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Browns rookie emerges from rocky past

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Browns rookie emerges from rocky past

The arc of Nate Orchard’s life follows a somewhat similar path to that of former Raven Michael Oher’s “Blind Side” story. ESPN.com laid out the history this week.

Orchard, a linebacker from Utah taken by the Cleveland Browns in the second round of the draft, went through a great deal of upheaval in his young life.

Born in California, Orchard was sent to live in Salt Lake City with his brother at 10 or 11 when his mother decided she couldn’t provide for him. (Orchard doesn’t know his father.) After three years, financial woes forced his brother to move in with his in-laws, leaving Orchard with no home. With few other choices, Orchard approached his high school basketball coach. Dave and Katherine Orchard took him in, and a temporary arrangement became a permanent one — the Orchards took over as his guardians.

Not that it was all smooth from there out.

"They've been great to me, never gave up on me," Orchard said. "I ran away a lot as a kid, was stubborn and didn't want to be in the environment. It was such a culture shock, but I made it work."

In addition to running away, he fathered a daughter at 15 (the girl was adopted).

However, Orchard’s life stabilized. He went to Utah and turned into an NFL prospect by showing enough pass rushing ability to record 18.5 sacks last season. Two years ago, he married his girlfriend from high school and also changed his last name, Fakahafua, assuming the name of the family that helped raise him from runaway teenager to potential pro football player. And when he and his wife had a daughter, they named her Katherine, in honor of Katherine Orchard.

"Being married and having the stability and realizing that football is the way that I am going to feed my family and I have to take it more seriously and do my work and become the best player I know I can be, and I did just that," he said.

[RELATED: Ed Reed retires from NFL]

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'I started to realize that I’m not broken': Steve Smith opens up about mental health and depression

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'I started to realize that I’m not broken': Steve Smith opens up about mental health and depression

Former Carolina Panthers' star receiver Steve Smith spoke in front of a crowd of over 400 people at the fifth annual Wake up for Wellness breakfast that was sponsored by Mental Health America of Central Carolinas.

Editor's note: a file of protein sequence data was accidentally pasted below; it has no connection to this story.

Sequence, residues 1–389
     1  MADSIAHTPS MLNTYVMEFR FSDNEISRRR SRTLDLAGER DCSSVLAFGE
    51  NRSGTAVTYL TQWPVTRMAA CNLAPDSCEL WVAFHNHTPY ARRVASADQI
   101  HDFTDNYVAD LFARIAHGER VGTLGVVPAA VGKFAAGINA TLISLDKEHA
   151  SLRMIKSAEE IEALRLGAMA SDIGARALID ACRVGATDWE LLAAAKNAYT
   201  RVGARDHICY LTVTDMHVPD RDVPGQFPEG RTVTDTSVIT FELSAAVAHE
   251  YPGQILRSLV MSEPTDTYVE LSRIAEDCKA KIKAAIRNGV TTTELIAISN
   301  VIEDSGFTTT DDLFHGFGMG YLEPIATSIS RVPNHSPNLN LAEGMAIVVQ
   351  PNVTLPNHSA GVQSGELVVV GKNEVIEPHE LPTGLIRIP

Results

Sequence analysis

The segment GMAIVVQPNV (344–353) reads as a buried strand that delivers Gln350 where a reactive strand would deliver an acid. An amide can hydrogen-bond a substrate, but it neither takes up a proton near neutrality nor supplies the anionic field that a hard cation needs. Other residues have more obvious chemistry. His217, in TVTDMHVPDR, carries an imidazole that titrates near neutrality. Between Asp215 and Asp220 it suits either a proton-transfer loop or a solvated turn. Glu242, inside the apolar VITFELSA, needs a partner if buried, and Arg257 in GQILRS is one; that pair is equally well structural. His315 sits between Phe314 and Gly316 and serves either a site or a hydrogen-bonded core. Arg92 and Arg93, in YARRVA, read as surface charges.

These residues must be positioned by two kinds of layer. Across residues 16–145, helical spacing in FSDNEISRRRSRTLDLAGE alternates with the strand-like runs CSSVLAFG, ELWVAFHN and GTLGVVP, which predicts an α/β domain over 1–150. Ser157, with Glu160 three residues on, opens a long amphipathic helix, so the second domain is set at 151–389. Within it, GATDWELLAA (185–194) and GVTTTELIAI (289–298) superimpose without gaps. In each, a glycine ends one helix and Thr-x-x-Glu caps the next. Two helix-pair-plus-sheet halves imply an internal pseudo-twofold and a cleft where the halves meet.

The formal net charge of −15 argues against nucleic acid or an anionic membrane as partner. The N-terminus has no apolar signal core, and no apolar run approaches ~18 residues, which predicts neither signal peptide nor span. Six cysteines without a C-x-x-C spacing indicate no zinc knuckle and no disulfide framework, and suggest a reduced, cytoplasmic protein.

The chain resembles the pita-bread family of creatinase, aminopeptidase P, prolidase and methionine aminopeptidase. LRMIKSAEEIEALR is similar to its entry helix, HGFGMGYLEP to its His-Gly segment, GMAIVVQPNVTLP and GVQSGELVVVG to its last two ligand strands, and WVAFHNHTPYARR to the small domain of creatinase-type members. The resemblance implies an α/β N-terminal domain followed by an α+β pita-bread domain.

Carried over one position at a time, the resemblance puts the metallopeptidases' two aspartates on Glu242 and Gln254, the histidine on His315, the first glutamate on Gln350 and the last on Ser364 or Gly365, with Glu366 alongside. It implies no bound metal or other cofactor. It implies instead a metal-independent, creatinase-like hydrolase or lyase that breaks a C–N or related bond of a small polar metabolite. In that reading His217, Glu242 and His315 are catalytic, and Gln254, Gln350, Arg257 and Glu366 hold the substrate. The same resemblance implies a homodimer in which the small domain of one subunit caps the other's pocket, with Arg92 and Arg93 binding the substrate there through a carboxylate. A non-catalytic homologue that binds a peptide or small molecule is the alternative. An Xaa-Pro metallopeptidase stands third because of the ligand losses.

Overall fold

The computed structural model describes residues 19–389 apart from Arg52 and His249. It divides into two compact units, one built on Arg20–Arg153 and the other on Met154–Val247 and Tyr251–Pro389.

The 16-year veteran and current NFL Network analyst touched on the importance of seeking help for bouts with depression and spoke of battles that he has faced with the disease.

“On the outside you’ll see a tough exterior. But on the inside, I’m just broken or I believe even more broken than the average man. ... Because when the stadium goes dark and the cheers stop, you’re still looking for that pat on the back,” Smith said. “Throughout my whole career, I struggled with that.”

Smith discussed that in the beginning, he was so concerned about the stigma regarding mental health, that he opted for the professional to meet him for housecalls, and as time passed he realized the importance of speaking up.

“I started to realize that I’m not broken,” he said. “I’m not being sent back to the manufacturer ... I get up every morning and figure it out.”

Smith's comments on the issue came to light just a day after the NFL and NFLPA announced new legislation that focuses on mental well being.

The newly formed Comprehensive Mental Health and Wellness Committee will develop programs for members of the NFL in addition to collaborating with local and national mental health and suicide prevention organizations. Each team will be mandated to retain a Behavioral Health Team Clinician for assistance that will be required to be available to players at the individual team facilities for at least 8-12 hours per week and must conduct mandatory mental health education sessions for players and coaching staff.

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Baltimore Ravens Roundup: What to look out for at OTAs

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Baltimore Ravens Roundup: What to look out for at OTAs

Kick off your Thursday with the latest Baltimore Ravens news including what to watch for at OTAs.

Player/Team Notes: 

1. As the Ravens try and bolster their pass rush during the offseason, they hope to find much-needed help from outside linebacker, Shane Ray. The Ravens picked up Ray from the Denver Broncos where he had an unproductive last two seasons due to injury, only registering one sack in each of the past two seasons. However, Ray had a phenomenal career at Missouri as a unanimous All-American and SEC Defensive Player of the Year in 2014. The Ravens have given Ray a shot at a career reboot and fans are excited to see what he's got.

2. Thursday is the media's first opportunity to get a look at the 2019-20 Ravens. Ravens writer Ryan Mink writes seven things to look out for at OTAs including, attendance from veterans even though OTAs are mandatory, a look at linebacker development with the signings of namely Pernell McPhee and Shane Ray and a first look at the rookie class to name a few.

Looking Ahead:

July 15: 4 p.m. deadline to get a long-term deal done with designated franchise tag players.

The 2019 NFL schedule is set! See the Baltimore Ravens defend the AFC North at M&T Bank Stadium this season. Get your tickets now at www.BaltimoreRavens.com/tickets.

Credit: Baltimore Ravens for news points.

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